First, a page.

Banneker High Students Take Advantage of Artificial Intelligence Training

The Sage FutureMakers AI Workshop is making its global debut and Banneker High School students are among the first to take advantage of it. The training is designed to help the next generation address the future skills gap and develop ethical and responsible AI technology that solves a societal problem in their community.

As part of the program, Banneker High School students were tasked with addressing the United Nations’ 17 Sustainability Goals. Problems addressed included algorithmic solutions to support gender equality, an AI app that addresses food insecurity and climate change impact modeling to show the impact of climate change in a user’s local area.

“I can’t over-state the value of what students achieve through FutureMakers,” said Dr. Valencia Bradshaw, Banneker High School STEM Program Director. “In a short timeframe, young people who have never even coded are guided into developing an AI product that solves a problem they see in the world.”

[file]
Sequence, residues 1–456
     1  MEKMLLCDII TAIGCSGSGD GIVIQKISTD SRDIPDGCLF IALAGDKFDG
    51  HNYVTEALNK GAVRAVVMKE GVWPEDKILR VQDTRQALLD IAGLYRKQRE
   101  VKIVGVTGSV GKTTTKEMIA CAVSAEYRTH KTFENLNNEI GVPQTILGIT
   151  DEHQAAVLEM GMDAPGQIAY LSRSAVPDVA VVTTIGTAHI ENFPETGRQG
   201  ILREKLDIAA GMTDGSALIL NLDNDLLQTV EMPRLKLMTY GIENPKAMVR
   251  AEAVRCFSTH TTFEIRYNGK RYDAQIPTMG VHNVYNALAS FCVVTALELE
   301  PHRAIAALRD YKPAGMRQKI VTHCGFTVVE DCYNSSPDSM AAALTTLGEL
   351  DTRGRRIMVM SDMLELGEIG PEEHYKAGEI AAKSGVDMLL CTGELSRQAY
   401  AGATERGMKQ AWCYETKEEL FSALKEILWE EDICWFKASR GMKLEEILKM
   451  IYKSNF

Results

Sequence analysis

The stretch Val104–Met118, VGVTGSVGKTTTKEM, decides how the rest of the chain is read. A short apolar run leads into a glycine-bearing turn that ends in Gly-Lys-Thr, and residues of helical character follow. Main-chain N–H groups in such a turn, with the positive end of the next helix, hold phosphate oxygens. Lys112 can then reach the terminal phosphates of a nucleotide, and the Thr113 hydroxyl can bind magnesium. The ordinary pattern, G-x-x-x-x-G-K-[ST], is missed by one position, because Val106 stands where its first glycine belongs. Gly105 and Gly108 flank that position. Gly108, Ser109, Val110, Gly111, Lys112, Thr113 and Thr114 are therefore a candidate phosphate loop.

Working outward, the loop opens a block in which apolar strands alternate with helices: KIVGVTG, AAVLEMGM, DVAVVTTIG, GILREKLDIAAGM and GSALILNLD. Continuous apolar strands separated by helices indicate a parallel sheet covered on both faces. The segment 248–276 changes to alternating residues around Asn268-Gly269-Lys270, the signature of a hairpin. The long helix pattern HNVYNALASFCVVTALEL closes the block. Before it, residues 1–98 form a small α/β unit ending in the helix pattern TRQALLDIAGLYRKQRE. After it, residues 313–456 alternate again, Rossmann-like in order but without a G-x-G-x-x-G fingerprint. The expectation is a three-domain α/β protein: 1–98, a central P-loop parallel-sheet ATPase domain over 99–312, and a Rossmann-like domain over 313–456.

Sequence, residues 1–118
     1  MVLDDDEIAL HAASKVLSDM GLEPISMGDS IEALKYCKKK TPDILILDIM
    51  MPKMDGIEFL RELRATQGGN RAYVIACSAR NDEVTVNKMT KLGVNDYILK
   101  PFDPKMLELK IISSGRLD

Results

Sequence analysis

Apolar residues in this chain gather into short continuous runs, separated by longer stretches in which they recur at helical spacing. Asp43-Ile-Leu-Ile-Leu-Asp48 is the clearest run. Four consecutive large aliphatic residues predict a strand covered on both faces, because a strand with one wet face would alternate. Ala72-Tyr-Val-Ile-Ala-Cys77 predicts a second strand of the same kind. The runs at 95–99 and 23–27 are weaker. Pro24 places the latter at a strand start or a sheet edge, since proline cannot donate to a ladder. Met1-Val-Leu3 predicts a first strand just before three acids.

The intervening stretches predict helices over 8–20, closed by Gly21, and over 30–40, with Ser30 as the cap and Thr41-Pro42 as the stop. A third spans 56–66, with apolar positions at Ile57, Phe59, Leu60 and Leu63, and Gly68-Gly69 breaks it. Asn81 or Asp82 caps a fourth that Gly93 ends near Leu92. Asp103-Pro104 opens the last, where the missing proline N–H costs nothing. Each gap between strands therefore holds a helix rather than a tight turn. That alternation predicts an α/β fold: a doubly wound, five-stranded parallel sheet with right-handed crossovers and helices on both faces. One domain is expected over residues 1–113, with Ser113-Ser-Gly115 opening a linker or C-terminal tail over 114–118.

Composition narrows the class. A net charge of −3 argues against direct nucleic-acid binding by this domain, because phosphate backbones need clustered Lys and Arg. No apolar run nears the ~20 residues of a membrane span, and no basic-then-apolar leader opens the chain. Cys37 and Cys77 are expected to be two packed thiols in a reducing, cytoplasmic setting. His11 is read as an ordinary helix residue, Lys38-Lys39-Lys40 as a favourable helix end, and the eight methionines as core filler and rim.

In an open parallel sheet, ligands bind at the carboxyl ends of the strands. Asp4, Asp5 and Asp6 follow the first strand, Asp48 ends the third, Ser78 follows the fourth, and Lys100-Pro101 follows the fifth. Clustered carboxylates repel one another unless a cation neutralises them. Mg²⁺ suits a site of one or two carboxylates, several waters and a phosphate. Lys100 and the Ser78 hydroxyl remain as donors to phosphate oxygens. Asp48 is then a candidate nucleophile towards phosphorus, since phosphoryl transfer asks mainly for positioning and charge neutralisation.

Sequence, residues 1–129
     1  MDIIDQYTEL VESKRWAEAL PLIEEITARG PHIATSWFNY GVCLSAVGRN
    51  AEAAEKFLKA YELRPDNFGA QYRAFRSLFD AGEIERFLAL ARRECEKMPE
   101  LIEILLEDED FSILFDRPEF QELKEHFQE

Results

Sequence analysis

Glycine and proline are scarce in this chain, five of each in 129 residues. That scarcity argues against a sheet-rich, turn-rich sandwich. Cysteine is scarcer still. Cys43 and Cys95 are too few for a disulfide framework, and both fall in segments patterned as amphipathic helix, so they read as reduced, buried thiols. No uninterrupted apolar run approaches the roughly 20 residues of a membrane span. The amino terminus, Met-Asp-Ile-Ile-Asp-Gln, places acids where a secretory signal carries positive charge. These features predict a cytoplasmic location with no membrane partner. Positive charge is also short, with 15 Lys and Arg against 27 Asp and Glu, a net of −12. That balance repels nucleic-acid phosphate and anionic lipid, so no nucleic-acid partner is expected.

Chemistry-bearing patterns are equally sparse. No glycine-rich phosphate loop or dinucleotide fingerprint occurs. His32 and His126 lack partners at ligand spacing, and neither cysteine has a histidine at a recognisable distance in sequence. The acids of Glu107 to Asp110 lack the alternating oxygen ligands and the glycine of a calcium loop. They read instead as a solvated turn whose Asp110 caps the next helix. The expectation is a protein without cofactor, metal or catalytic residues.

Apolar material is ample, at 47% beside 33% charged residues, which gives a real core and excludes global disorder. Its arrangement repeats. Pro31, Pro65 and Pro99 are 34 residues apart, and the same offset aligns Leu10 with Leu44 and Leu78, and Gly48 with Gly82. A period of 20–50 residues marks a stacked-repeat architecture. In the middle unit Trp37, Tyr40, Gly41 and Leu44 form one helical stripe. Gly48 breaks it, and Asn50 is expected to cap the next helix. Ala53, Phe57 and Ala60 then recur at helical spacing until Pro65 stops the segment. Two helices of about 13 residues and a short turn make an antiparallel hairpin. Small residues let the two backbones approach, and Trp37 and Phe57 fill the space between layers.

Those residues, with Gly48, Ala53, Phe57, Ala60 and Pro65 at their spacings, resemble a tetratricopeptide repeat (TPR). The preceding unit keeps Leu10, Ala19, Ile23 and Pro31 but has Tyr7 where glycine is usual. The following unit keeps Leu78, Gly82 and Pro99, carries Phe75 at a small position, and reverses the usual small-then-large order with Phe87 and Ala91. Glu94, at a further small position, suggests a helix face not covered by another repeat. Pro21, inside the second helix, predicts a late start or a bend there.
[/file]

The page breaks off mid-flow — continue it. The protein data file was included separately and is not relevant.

“They learn that it is crucial for people from diverse backgrounds to contribute to the development of AI,” she continued. “They come to understand that the AI jobs of the future will require skills they already have – such as creativity, empathy and the ability to tell a story. What this ultimately does is empower our students to understand that they can play an important role in the future of this exciting sector.” 

Sage is a market leader in business management solutions. Sage Foundation has partnered with 3DE, a nonprofit created by Junior Achievement, to implement Sage FutureMakers in the metro area.

“As a technology company, innovation is at the core of what we do, and we see the power and future potential of AI firsthand in our industry,” said Ron McMurtrie, CMO, Sage. “We want to empower the next generation to use their skills and creativity to think about a career in technology, and ultimately solve the world’s problems with the AI they learn to create.”

In 2018, Sage Foundation piloted the FutureMakers curriculum, working with 150 young people, ages 13 to 17, in the U.K. and Ireland. The ultimate goal of the program is to work with governments to insert the workshops into the standard school curriculum. 

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